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High-performance team through psychological safety

Kirjoittanut: Thais Santos Araujo - tiimistä SYNTRE.

Esseen tyyppi: Yksilöessee / 2 esseepistettä.

The Fearless Organization
Amy C. Edmondson
Esseen arvioitu lukuaika on 5 minuuttia.

What is psychological safety for you? Amy Edmondson is a specialist in the subject. She is the author of the book The Fearless Organization and a Leadership and Management professor at the Harvard Business School. Amy says in her most recent book that psychological safety is predominantly defined as an environment where people are comfortable being themselves (Edmondson 2018, 17). With the term well


The reflection on the topic can feel quite far from the ordinary student life at Proakatemia. Although the organization or work life feels far, in every team size or organizational style, psychological safety can be used. It is possible to bring it to our reality and apply the learnings to our teampreneurs. How many times have you faced some wrong behavior or mistake from a teammate, and you did not address the issue straight away? If you can relate, your team has room for improvement in their performance and decrease the number of errors along your journey. Does it sound interesting? We can keep digging into the topic together.


Sharing concerns, questions, mistakes, and half-formed ideas


During the Nordic Business Forum in the Autumn of 2022, Amy defined psychological safety once more in a very efficient way: radical candor. During a Proakatemian paja about the same topic, many of us, including myself, needed to translate or find the definition of candor. Candor means being honest, being sincere. Because of the judgment that comes after sharing an idea or question, people tend to hold back easily from sharing their thoughts. The belief of saying something wrong at the wrong time or somehow challenging the status quo makes team members resistant to addressing an issue out loud or asking a “stupid” question. No one wants to look bad at work. No one wants to be seen as the “stupid question maker.”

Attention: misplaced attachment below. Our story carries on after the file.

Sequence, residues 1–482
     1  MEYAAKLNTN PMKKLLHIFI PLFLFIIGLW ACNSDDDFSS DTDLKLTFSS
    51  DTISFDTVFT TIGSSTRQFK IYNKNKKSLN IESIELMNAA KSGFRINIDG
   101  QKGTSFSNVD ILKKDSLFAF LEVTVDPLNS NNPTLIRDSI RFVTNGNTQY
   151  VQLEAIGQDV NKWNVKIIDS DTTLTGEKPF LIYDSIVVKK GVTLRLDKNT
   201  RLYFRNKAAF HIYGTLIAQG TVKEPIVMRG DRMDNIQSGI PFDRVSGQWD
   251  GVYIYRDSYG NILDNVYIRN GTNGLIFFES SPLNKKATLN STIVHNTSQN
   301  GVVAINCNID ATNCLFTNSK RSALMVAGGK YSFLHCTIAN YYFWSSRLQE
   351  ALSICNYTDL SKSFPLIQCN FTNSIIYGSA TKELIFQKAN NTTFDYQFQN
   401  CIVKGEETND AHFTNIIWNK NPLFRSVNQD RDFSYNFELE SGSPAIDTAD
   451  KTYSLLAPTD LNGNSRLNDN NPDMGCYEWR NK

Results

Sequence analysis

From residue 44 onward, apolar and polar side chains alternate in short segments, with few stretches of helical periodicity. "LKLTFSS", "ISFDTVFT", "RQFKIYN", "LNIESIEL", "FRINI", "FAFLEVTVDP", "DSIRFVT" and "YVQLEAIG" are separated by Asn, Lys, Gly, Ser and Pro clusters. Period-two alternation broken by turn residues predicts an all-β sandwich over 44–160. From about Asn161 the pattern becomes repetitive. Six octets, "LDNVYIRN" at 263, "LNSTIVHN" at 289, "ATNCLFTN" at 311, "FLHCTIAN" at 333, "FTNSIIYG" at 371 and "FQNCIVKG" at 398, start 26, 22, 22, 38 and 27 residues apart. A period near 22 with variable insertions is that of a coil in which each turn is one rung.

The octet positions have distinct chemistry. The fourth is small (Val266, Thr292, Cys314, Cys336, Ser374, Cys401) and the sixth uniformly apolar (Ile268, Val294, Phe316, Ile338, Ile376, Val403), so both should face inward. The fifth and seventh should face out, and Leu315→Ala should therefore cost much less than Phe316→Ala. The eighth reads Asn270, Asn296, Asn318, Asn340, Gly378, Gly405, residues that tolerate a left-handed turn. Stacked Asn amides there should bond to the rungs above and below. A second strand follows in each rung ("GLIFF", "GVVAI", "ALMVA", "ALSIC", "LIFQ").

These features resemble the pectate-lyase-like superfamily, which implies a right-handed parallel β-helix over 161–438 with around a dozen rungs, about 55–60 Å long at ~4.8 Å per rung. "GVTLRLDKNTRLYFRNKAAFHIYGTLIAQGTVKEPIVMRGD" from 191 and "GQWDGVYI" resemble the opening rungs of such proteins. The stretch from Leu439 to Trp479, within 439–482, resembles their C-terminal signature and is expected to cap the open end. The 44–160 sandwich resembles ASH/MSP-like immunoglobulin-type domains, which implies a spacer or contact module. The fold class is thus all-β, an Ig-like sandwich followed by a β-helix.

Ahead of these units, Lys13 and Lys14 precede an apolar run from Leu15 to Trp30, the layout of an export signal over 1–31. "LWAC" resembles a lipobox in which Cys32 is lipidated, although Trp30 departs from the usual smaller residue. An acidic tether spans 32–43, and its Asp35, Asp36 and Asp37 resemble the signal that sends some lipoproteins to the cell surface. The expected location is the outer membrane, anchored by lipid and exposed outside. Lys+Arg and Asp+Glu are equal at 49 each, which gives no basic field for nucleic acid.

Even in Proakatemia, we can face cultural resistance when talking about psychological safety. For example, I’m originally from Brazil, and we should not challenge leaders or older individuals in my culture. The culture of fear reigns in my country. Pointing out an issue or delivering a piece of bad news about the business could be the end of someone’s career in a company. It means that for me, it is hard to say out loud about a failure or to challenge someone’s point of view. Studies of Amy show that we need a culture in which it’s permitted and well-seen to argue with our superior about the best way to go or address real concerns (Edmondson, 2018, 59).


Real examples

If, at this point, you are still wondering if psychological safety is a big deal and if you should take it into practice or not in your team, I can prove it by sharing examples. I can share a couple of bad examples that could be avoided if psychological safety was part of the teams. Volkswagen employees were motivated by getting results by any means and broke the law instead of addressing an explicit issue. The Volkswagen 2015 diesel emissions scandal is an example of trying to succeed at any cost and getting huge fines and reputation drops (Edmondson, 2018, 63). This is an example of what Amy calls stretching the stretch goal. In a fearless organizational culture, this issue would not have happened.


A close of us and an excellent example of lack of psychological safety is our neighbour company and proud brand of Finland, Nokia. Their engineers knew pretty well how Apple and Samsung were advancing technologies-wise. Although, the company was leader in cellphone industry and the culture was “fearful emotional climate”. Due to the fear of delivering bad news, the engineers pretended everything was alright when communicating with executives (Edmondson, 2018, 64).

We know very well the end of this story. Their silence led the company to a 75% stock drop and the sale of big part of the company to Microsoft in 2013.


What to do?